5 Years Later, How Does Bin Laden's Killing Impact Al-Qaida's Legacy?
RACHEL MARTIN, HOST:
It happened five years ago today - the White House announced a rare Sunday-night press conference at the last minute, and then President Obama made the announcement.
(SOUNDBITE OF PRESS CONFERENCE)
BARACK OBAMA: Tonight, I can report to the American people and to the world that the United States has conducted an operation that killed Osama bin Laden, the leader of al-Qaida.
MARTIN: Today, the biggest terrorist threat against the U.S. and its allies comes from ISIS, a different and arguably more brutal organization. Where does that leave al-Qaida and bin Laden's legacy? To answer that, we've reached out to Lawrence Wright. He's a staff writer for The New Yorker magazine. He won the Pulitzer Prize for his book, "The Looming Tower," which traced the birth and growth of al-Qaida. Welcome to the program.
LAWRENCE WRIGHT: Thanks so much. It's good to be with you.
MARTIN: Can you walk us back in time five years or so? Remind us what happened immediately after bin Laden was killed. Did his deputies go further underground? What happened to the organization?
WRIGHT: Well, the al-Qaida core, which was hiding in Pakistan, they did go to ground. The organization was badly splintered and poorly led, demoralized and unable to repeat the successes that it had had up until 9/11.
MARTIN: So losing bin Laden fundamentally changed the organization?
WRIGHT: Well, it's now led by Ayman al-Zawahri, who has none of the magnetism that bin Laden had. But the organization, though demoralized and splintered, is certainly not dead. And I think that's something that we should be aware of. It may be in competition with ISIS, but it hasn't gone away.
MARTIN: So let's talk about that. I mean, we've heard these reports about the tension between ISIS and al-Qaida. Can you get into that a little bit? Where are the fault lines? What are the differences between these two groups?
WRIGHT: It started back in the early days of the Afghan training camps. And I learned that there was a competitive organization training in Afghanistan led by Abu Musab al-Zarqawi, who was Jordanian. And he enlisted people from that region of the Arab world, and that organization eventually became al-Qaida in Iraq and then morphed into ISIS.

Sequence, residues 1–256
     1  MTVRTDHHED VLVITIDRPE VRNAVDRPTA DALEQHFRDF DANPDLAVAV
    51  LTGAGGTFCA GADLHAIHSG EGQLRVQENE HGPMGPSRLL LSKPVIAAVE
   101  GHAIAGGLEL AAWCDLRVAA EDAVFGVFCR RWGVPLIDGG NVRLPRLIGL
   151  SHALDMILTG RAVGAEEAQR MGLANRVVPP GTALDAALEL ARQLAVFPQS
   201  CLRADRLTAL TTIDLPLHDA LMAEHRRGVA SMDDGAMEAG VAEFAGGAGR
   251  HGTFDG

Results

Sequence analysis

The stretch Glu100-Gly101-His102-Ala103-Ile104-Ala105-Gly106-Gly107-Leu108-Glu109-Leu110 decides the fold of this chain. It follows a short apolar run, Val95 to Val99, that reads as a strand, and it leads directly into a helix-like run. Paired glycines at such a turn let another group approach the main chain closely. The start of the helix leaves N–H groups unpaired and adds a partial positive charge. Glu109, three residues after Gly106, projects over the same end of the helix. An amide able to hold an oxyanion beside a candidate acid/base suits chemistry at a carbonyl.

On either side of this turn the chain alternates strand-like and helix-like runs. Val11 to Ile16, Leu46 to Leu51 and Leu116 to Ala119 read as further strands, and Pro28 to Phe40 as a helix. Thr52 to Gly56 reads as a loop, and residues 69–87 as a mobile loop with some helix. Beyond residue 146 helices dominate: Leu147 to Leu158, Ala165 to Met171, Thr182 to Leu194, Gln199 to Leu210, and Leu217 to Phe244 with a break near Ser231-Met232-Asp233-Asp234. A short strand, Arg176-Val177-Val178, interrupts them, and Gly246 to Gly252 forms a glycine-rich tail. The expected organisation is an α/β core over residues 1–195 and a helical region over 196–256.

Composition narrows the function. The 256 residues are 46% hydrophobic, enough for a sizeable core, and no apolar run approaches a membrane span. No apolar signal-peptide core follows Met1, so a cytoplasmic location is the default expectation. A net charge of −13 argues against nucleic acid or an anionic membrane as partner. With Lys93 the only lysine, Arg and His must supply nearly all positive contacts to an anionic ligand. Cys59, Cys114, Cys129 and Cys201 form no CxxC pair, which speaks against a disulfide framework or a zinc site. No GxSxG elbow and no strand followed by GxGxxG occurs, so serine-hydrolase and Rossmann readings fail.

MARTIN: What are the philosophical differences between the two groups?
WRIGHT: The principal difference between the two is the decision on the leadership on the part of the Islamic State to establish a caliphate right away. This is something that bin Laden saw as a distant dream. The idea behind the Islamic State is that the time is now for the caliphate. And this idea certainly resonates with a lot of very impatient young radicals.
MARTIN: So if you look at these two organizations, al-Qaida and ISIS, and if you're a young Jihadi who is looking to hitch up with one of them - I mean, it would seem to be clear that ISIS is the more attractive organization. This is the group that's capturing the headlines. This is the group that's really seized the narrative. Where does that leave al-Qaida?
WRIGHT: Well, in fact, the most powerful organization in Syria right now is Al-Nusra, which is an al-Qaida affiliate, not an ISIS affiliate. And I think that that's one of the things that's lost in, you know, the publicity surrounding ISIS on the ground. Al-Nusra is the main organization fighting against the Assad regime in Syria right now. And in Yemen and other places, al-Qaida has very powerful affiliates. Yes, they're in competition with ISIS, but they certainly are not diminished in their standing. They - and I think on the battlefield right now, it's ISIS that's been suffering more than Al-Nusra has been.
MARTIN: So what is your feeling five years on as someone who has studied al-Qaida over the long term? How do you look back on that U.S. Special Forces raid into Pakistan when bin Laden was killed?
WRIGHT: I think the world is a lot better off without bin Laden, but I've often wished that bin Laden hadn't been killed on that day. My hope was that he would have been captured and put on trial because the thing that we had to deal with and we still have to deal with is the legacy of bin Laden, that virus that infects so many young Muslims. And how do we get rid of that?
I thought if we had captured him and put him on trial first of all in Kenya, where on August 7, 1998, al-Qaida killed 213 people - and then after that, you could take him so many places. You could take him to Istanbul and Casablanca and London and Madrid and Islamabad. And finally, you could bring him to America, where he would stand trial for the 3,000 Americans on 9/11.
And then one last place you could take him, which is back to his home country, Saudi Arabia, and try him under sharia law. And if he were to be convicted, he would have been taken out to a place called Chop-Chop Square, where the executioner would have dealt with him, finally, and he would be buried in an unmarked Wahabi graveyard. And I think in that way, you could have addressed this woeful legacy of bin Laden and his progeny that still infects the world.
MARTIN: New Yorker staff writer Lawrence Wright, thank you so much.
WRIGHT: My pleasure. Thank you.
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